they really are. We forget 100 kindnesses but remember one
slight, and vice-versa.
- Most people don't mind giving money for something
they enjoy if they know they're supposed to. Many people
will ask how much you want. Point out that it is a tip, but
be prepared to suggest an amount. A lot of people want to be
told what to give and you may actually lose customers by not
It's All In The Approach
- I have been stuck for a long time on doing the simple stuff for
about a dollar a shot. How do you let go of the fear of doing a 4
or 5 or 8 balloon animal and only getting a buck (or worse) for it?!
- It's attitude. Make a show of putting this creation together
and they're not only tipping for the sculpture, but also the
entertainment -- plus it's not like the folks receiving this
sculpture are the only ones being entertained; if there's a line
there then everyone is benefitting from the entertainment and it
should filter down. if you don't do so well on one sculpture, odds
are you will on the next. Tom Myers has some great tip pins and
signs that also help get the idea across.
- I look at working for tips like going fishing, not like making
- Don't worry about the person who gives you $1 for the three or
four balloon creation (I know, it's hard to not get upset). Remember
the feelings you got for the flower, and teddy bear you did at the
prior table, and got $5 or $10 for. You will feel much better when
you dwell on the good ones, and not on the freebies. Sometimes it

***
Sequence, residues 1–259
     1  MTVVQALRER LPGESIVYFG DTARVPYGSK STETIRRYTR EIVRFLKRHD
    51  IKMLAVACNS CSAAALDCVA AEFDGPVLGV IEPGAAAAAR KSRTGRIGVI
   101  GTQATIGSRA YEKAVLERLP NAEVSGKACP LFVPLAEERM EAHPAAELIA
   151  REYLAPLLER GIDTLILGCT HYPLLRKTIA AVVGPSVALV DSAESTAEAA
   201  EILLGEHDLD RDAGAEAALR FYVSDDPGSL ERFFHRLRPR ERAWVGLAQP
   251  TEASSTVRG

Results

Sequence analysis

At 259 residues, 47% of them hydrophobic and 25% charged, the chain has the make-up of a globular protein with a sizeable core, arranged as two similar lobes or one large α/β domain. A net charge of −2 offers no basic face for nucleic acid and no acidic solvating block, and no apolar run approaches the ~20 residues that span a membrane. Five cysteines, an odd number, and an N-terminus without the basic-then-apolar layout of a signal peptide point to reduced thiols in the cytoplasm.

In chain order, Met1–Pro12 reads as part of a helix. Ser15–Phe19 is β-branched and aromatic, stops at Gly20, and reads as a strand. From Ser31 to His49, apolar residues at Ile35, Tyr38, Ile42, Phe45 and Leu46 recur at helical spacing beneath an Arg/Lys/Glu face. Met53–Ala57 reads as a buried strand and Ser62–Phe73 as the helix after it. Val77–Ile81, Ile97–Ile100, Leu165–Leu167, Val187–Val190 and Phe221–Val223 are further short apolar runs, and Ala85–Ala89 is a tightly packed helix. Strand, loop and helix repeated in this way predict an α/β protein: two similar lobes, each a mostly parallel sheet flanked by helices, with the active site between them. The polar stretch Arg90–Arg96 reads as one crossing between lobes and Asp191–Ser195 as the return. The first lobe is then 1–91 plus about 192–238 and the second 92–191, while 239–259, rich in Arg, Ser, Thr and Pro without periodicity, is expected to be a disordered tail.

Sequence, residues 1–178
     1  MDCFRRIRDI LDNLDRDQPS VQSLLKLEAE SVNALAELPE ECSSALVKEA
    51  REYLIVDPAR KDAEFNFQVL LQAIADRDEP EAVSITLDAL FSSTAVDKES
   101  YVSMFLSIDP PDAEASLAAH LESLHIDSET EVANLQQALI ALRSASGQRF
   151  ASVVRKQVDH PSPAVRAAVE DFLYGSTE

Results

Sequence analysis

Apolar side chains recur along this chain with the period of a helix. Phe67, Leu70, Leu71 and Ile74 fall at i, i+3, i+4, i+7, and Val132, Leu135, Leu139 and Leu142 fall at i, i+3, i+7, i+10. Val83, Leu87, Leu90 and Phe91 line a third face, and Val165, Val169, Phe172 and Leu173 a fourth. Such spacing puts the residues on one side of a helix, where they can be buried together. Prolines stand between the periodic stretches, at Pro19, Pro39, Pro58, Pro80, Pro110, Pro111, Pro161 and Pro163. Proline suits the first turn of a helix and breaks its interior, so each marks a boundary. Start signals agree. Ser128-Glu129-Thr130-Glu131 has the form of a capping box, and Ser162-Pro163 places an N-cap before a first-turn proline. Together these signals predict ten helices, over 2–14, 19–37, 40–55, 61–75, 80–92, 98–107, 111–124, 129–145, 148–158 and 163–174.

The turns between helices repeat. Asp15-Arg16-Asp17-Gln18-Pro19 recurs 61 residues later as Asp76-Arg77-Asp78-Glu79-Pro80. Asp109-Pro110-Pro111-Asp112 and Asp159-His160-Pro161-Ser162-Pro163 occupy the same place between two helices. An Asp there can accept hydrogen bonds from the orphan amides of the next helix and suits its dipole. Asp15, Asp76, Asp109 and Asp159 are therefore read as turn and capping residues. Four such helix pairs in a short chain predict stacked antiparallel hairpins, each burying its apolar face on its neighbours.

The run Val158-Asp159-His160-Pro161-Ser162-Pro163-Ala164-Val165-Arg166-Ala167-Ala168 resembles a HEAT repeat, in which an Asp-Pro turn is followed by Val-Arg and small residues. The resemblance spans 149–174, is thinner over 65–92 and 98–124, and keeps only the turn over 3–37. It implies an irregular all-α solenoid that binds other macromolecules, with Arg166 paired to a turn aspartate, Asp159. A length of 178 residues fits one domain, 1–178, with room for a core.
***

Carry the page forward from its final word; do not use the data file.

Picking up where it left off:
is hard to do, but I find that if I can't set aside the freebies, I
might as well go home. Set them aside, and remember to thank them,
and smile, and you will be surprised when you get home and count the
- There have been times that I make balloons for a whole family
and get no tip at all. There have been tables that tipped five
bucks for a simple flower. It all evens out in the end.
- I found that, while you get several ridiculously small tips,
you also get larger ones, and the overall result is better than when
you use a fixed price. It also makes me feel more like an artist and
less like a salesman. I recently did a festival. I used a trolley
suitcase to carry my stuff around, and put a large sign on the
extended handle when I was twisting. I put some drawings on it and
the phrase "If you like my balloon twisting skills, why not show me
your tipping skills?" in several languages. I did not set any amount
for the tip, but always made sure that some larger bills were
visible to whoever was putting money in it. I even went so far as to
bring some money with me (bills and larger coins) and put them in as
I started. This may seem ridiculous, but it worked. I had many
people put their tip in, look at the bills and then take out some
more money. I also found that people are more generous at night than
in the afternoon.
- On the other side, I had some of them tip me 5 belgian francs